Driving a Storm into Heart of Hurricane

REPORTER'S NOTEBOOK

WHEN big events happen, it's the small things you remember.

Like renting a car at Orlando airport.

My assignment was to cover the relief effort of Hurricane Andrew, one of the worst storms to hit Florida in decades.

Flights to Miami and West Palm Beach were canceled. The closest I could get was Orlando. I needed wheels. So what car did I pick for chasing a hurricane? Unwittingly, I chose a Geo Storm.

It didn't take long to spot the hurricane's impact. In Orlando, toll collectors were waving cars through the toll gates of Florida's Turnpike. the scenes got progressively more vivid as I drove south: the all-too-heavy patches of rain; uprooted trees; blown-down signs; broken windows; missing roofs; smashed houses.

If ever nature wanted to show general fury, it would pick the hurricane or the earthquake.

Yet, it's the little things I remember: driving over my first downed power line; watching a traffic light hang like a punching bag in the middle of an intersection; waiting in line at a gasoline station in Hialeah. Getting gas

I thought I had remembered everything: extra food, extra batteries. I had completely forgotten gas. So here I was, my needle sitting on empty, waiting in line at probably the only station open in Hialeah.

The station ran out of gas before I reached the pump. It is one thing to be running on fumes; it is quite another to do it while looking for stoplights that worked next to a gas station. (Stations need electric power to pump gas.)

It occurred to me during that harrowing drive northward that I was worrying about gas just hours after a destructive hurricane had swept through. But it's often that way. In the face of the biggest things, we remember the smallest details.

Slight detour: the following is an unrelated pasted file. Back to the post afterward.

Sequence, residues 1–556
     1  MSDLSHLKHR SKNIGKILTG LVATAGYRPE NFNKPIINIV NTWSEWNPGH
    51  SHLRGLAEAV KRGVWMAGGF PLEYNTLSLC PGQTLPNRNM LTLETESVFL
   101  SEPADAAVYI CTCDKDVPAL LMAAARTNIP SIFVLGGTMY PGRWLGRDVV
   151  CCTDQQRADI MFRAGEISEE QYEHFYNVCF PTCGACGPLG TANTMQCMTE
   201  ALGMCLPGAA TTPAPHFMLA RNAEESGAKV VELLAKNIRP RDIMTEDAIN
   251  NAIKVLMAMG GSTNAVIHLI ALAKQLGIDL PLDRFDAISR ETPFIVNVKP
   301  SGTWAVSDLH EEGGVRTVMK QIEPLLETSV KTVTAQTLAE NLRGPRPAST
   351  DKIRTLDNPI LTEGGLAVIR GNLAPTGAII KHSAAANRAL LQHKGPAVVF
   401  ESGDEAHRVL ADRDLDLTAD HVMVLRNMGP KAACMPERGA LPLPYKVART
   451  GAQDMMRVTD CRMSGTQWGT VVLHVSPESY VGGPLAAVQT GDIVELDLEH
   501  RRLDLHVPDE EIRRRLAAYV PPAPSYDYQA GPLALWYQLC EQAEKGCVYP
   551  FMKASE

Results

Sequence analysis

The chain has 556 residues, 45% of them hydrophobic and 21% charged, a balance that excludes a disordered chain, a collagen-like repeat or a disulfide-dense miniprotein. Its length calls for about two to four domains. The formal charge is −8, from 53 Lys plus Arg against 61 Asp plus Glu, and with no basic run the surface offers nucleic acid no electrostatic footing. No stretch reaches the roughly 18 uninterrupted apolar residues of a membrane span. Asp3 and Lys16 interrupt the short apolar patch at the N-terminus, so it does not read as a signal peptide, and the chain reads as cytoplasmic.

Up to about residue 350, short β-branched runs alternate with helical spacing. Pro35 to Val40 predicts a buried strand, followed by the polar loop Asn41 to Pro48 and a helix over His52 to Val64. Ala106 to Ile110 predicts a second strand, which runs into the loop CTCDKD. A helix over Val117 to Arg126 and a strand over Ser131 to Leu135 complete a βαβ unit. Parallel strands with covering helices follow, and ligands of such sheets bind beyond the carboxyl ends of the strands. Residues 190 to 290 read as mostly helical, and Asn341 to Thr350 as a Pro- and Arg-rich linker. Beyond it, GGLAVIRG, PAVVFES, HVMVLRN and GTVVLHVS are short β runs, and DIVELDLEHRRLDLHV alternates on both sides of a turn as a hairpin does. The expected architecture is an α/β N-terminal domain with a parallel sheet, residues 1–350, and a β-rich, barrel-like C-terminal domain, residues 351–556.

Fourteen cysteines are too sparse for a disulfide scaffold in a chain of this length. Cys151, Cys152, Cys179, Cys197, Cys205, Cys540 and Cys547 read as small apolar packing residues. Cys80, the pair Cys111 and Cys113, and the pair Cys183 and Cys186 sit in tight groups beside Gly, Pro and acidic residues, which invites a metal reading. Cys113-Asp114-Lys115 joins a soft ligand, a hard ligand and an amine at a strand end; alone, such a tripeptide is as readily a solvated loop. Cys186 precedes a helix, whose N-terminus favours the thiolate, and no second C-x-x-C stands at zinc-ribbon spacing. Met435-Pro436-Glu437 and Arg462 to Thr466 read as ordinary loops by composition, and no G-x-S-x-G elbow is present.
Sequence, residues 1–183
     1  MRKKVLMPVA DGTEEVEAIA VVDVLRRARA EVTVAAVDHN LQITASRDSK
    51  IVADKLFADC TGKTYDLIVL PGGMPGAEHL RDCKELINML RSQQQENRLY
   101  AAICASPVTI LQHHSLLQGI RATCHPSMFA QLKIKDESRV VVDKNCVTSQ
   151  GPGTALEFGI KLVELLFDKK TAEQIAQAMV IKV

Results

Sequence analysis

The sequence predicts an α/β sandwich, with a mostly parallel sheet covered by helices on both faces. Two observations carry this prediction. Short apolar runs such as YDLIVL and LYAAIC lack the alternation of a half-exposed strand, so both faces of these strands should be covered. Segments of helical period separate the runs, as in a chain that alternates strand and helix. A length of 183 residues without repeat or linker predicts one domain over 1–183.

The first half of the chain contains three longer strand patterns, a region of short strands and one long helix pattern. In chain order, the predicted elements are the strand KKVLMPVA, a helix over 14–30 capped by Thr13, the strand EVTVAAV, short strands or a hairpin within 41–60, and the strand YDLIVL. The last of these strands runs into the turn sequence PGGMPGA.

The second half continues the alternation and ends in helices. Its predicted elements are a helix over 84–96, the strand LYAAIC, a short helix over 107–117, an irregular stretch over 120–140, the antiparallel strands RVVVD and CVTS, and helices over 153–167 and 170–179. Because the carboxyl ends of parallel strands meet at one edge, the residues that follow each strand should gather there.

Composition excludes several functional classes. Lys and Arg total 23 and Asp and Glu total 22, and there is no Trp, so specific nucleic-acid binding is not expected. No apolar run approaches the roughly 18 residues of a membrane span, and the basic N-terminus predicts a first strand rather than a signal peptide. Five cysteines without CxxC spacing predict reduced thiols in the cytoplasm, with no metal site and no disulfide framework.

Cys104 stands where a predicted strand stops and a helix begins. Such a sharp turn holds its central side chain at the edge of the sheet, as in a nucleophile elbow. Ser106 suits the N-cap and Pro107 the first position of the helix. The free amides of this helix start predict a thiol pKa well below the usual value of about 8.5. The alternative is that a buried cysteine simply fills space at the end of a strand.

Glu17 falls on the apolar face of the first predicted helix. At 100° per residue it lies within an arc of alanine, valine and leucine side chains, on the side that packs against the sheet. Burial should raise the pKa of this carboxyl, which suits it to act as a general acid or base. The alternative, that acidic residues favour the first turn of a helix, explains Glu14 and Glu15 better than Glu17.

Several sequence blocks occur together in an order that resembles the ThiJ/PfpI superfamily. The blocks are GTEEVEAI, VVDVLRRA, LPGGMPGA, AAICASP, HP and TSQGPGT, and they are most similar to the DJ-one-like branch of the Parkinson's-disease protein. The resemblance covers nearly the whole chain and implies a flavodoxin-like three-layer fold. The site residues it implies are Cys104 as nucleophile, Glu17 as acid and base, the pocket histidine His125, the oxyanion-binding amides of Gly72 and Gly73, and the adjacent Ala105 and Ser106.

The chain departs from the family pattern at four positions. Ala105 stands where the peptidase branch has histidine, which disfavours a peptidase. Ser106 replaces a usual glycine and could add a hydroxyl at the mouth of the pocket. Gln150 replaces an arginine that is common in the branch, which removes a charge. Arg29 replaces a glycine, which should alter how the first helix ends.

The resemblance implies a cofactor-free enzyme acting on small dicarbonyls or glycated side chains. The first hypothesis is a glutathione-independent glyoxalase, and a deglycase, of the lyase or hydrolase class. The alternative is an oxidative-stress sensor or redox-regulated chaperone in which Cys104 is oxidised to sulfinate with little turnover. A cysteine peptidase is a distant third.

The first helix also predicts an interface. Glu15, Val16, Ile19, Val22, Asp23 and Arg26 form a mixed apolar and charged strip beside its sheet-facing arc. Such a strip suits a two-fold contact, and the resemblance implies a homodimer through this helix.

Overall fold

Forty-three miles later, I found an open station. By this time, it seemed strange not to have a long line of cars at the pump. I bought a gas can and filled it with an emergency gallon. I bought mixed nuts for extra rations. Hardly any restaurants were open. Even the 24-hour Denny's restaurant was closed, the hand-lettered sign said, "due to hurricane." Taking care of basic needs

As perilous as hurricanes are, surviving their aftermath is a lot like traveling overseas. Basic needs become the most important questions: What's for dinner? When can I shower? Is there a telephone here?

Radio talk-show hosts in Miami spoke with callers who could tell them where ice and gasoline were being sold. Both items were in short supply.

Then there was lodging. South Florida residents had more than 200 emergency shelters to choose from. All I wanted was a motel room with electric power and a working phone. But so many people had temporarily left their homes that all the rooms were taken, wherever I tried. So I wrote my story in a hotel lobby then headed out to the Geo. I wanted some rest.

In no way do my small indignities compare with what south Florida residents went through. They survived a powerful hurricane. I just slept in a Storm.

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